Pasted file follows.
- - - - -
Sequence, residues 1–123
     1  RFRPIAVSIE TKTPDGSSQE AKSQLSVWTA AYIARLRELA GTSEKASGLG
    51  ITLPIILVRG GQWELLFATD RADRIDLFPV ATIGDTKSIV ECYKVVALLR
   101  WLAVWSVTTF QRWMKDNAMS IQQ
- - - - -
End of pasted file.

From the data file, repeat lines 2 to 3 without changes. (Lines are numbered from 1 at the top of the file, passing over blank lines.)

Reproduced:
     1  RFRPIAVSIE TKTPDGSSQE AKSQLSVWTA AYIARLRELA GTSEKASGLG
    51  ITLPIILVRG GQWELLFATD RADRIDLFPV ATIGDTKSIV ECYKVVALLR